1p36 deletion syndrome is a chromosome disorder where the end of the short arm of one of the two chromosome 1s has been lost. This chromosome disorder was first described in the late 1990's and early 2000's. The diagnosis frequently requires confirmation by FISH testing. The majority of children with 1p36 deletion syndrome did not acquire their chromosome disorder from their parents. However, a study showed that three out of sixty-two children do, and in those cases one parent has a balance rearrangement of their own chromosomes. This rearrangement risks becoming unbalanced when eggs or sperm are created.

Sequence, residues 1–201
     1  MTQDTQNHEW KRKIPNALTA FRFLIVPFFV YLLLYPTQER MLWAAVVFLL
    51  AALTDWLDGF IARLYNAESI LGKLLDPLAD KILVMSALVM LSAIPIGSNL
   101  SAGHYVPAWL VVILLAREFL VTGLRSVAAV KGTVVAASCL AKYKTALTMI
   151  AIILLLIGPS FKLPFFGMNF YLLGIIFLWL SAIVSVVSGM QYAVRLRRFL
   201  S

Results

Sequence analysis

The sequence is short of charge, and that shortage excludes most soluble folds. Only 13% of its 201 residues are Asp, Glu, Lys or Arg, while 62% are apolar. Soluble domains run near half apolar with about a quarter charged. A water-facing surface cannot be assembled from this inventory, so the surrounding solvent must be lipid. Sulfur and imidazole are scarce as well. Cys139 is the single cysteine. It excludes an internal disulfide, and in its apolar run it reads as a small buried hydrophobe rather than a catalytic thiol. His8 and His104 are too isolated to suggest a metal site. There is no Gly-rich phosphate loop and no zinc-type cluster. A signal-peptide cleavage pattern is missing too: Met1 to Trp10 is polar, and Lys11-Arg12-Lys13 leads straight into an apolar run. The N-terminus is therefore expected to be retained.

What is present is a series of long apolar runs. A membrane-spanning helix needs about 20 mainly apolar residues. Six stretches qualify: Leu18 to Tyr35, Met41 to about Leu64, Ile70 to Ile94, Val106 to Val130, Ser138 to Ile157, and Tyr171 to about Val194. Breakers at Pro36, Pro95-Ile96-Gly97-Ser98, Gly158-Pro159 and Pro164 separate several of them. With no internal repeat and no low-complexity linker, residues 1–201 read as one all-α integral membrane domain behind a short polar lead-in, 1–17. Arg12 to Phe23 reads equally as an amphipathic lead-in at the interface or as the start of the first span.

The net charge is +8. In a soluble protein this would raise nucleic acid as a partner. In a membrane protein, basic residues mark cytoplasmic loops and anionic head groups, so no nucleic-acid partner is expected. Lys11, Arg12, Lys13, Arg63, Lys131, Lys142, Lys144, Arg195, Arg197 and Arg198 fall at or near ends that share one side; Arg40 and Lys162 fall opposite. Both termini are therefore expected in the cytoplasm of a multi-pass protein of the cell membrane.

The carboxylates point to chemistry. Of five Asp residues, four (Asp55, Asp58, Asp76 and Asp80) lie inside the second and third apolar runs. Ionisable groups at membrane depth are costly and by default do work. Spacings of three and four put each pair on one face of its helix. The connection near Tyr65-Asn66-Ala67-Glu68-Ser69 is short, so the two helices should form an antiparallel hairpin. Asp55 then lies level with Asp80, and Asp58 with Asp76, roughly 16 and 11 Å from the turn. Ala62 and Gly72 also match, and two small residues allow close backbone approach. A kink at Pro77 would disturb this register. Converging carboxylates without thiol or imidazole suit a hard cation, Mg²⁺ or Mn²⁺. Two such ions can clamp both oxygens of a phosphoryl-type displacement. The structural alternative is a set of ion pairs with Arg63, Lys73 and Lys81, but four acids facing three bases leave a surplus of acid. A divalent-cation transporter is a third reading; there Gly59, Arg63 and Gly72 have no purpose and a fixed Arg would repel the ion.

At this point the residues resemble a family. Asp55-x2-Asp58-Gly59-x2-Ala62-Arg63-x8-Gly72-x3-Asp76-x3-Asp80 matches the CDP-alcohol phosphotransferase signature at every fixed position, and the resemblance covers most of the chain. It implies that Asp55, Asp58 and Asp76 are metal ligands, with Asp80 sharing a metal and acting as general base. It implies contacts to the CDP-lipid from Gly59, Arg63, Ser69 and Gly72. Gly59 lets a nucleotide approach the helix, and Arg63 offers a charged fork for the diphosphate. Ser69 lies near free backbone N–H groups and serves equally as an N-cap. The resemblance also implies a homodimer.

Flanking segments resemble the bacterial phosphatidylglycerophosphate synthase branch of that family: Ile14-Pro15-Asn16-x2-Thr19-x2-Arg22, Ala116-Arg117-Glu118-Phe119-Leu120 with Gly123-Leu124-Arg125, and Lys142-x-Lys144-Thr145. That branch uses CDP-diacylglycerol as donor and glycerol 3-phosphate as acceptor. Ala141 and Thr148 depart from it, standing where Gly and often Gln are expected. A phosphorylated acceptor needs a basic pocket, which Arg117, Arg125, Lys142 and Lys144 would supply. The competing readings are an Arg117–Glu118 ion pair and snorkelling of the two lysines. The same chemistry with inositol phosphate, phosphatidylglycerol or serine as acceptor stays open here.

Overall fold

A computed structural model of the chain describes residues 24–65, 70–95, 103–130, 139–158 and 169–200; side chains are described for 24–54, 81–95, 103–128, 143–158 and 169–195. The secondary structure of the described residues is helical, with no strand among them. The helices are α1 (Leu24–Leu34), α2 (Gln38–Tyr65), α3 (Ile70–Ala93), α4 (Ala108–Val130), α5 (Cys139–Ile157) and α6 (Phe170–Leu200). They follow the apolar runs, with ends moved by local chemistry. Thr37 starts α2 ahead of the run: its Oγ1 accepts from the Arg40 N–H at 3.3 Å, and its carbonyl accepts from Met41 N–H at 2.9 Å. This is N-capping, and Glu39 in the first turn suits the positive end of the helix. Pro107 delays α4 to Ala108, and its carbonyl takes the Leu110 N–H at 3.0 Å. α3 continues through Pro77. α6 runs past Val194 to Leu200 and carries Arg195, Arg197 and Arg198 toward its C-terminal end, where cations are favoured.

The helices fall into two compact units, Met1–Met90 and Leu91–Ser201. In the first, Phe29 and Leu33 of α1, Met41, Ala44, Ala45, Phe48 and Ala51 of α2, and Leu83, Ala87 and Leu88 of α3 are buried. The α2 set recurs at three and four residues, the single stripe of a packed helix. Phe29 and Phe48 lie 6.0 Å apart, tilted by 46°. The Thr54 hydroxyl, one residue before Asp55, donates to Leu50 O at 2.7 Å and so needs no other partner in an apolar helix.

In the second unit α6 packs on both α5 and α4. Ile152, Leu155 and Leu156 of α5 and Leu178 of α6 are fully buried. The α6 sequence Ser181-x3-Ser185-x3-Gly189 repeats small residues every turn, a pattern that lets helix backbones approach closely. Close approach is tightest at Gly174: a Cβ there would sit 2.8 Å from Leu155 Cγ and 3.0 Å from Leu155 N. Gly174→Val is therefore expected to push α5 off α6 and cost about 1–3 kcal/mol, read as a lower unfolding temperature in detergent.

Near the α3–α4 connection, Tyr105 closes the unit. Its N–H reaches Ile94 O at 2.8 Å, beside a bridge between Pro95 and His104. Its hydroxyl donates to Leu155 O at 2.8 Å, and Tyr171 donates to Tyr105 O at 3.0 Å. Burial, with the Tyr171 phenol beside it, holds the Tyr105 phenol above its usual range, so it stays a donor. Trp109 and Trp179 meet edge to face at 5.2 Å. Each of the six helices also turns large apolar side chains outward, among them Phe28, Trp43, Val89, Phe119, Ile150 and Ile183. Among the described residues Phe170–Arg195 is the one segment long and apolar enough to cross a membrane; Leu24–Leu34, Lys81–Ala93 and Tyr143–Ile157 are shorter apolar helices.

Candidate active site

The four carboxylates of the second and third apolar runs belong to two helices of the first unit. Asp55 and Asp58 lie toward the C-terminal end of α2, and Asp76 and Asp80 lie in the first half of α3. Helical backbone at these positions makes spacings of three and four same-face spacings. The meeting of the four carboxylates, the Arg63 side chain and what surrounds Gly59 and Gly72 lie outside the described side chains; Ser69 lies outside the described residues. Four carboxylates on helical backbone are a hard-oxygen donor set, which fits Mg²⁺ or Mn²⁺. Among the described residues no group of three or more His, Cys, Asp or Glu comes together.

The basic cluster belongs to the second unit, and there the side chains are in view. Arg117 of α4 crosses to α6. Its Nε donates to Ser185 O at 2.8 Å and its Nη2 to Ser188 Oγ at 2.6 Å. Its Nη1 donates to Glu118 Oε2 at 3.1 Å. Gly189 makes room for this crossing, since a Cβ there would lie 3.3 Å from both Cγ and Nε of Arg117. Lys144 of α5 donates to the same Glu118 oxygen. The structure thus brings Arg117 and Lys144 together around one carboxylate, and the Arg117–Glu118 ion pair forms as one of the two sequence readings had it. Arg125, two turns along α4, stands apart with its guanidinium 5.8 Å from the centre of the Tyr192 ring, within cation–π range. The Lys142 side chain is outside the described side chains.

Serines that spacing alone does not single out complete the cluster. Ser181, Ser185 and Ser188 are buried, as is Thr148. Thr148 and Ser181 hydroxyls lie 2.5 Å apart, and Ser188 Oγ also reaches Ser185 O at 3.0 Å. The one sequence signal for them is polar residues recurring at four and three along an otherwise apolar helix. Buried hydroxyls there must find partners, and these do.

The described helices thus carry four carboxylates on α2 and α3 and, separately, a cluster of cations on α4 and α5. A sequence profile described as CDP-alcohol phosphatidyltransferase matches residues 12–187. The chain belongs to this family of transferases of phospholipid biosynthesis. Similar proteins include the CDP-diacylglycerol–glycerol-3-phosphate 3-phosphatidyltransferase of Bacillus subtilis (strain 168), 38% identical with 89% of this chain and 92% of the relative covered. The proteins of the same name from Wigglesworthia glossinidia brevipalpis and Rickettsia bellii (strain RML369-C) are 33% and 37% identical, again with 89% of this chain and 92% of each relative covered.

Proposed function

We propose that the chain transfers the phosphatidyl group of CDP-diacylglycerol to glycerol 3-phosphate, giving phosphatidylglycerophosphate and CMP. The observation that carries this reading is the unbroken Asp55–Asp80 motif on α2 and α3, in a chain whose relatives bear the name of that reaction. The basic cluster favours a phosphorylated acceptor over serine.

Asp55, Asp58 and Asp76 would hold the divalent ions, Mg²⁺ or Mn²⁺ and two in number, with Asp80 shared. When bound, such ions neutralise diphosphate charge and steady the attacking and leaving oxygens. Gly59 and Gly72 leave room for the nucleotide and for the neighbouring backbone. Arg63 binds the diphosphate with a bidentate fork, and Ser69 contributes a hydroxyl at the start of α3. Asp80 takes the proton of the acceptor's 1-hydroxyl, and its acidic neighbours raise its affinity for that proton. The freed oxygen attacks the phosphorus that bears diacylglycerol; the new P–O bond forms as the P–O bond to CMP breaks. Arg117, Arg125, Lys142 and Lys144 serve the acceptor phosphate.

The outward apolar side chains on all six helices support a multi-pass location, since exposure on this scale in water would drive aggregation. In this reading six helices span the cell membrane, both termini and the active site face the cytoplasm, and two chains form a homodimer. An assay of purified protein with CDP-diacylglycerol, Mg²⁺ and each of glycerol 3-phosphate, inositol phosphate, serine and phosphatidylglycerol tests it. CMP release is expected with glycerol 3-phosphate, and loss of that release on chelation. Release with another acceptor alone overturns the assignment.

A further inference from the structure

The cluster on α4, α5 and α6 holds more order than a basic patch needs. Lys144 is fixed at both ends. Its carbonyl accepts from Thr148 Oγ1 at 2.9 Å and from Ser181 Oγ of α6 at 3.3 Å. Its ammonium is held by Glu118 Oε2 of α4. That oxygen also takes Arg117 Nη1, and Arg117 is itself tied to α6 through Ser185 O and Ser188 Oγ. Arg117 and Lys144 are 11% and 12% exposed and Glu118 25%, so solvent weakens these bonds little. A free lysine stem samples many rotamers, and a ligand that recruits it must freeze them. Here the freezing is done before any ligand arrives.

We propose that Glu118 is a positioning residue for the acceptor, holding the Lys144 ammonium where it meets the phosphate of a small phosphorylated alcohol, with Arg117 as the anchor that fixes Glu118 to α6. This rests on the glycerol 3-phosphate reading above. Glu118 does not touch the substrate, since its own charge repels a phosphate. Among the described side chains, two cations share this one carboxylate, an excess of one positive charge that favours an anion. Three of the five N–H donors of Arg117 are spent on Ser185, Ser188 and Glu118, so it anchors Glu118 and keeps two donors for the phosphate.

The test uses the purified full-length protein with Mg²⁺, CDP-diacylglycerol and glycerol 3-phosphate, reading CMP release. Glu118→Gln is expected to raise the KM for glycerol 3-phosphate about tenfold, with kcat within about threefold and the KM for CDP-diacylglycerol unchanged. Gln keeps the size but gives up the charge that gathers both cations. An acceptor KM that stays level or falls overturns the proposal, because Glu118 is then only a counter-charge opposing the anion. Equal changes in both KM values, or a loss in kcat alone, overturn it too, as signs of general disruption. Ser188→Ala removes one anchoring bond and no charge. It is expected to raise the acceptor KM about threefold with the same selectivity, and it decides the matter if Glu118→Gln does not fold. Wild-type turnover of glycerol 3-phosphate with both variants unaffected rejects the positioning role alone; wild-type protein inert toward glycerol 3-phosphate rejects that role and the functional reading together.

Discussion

Chromosome 1p36 deletion syndrome can also be called "monosomy 1p36". Monosomy 1p36 is considered to be one of the commonest chromosome deletion syndromes. The incidence of monosomy 1p36 has been estimated to be 1 in 5,000 to 1 in 10,000 live-born children. To date, more females than males have been reported.
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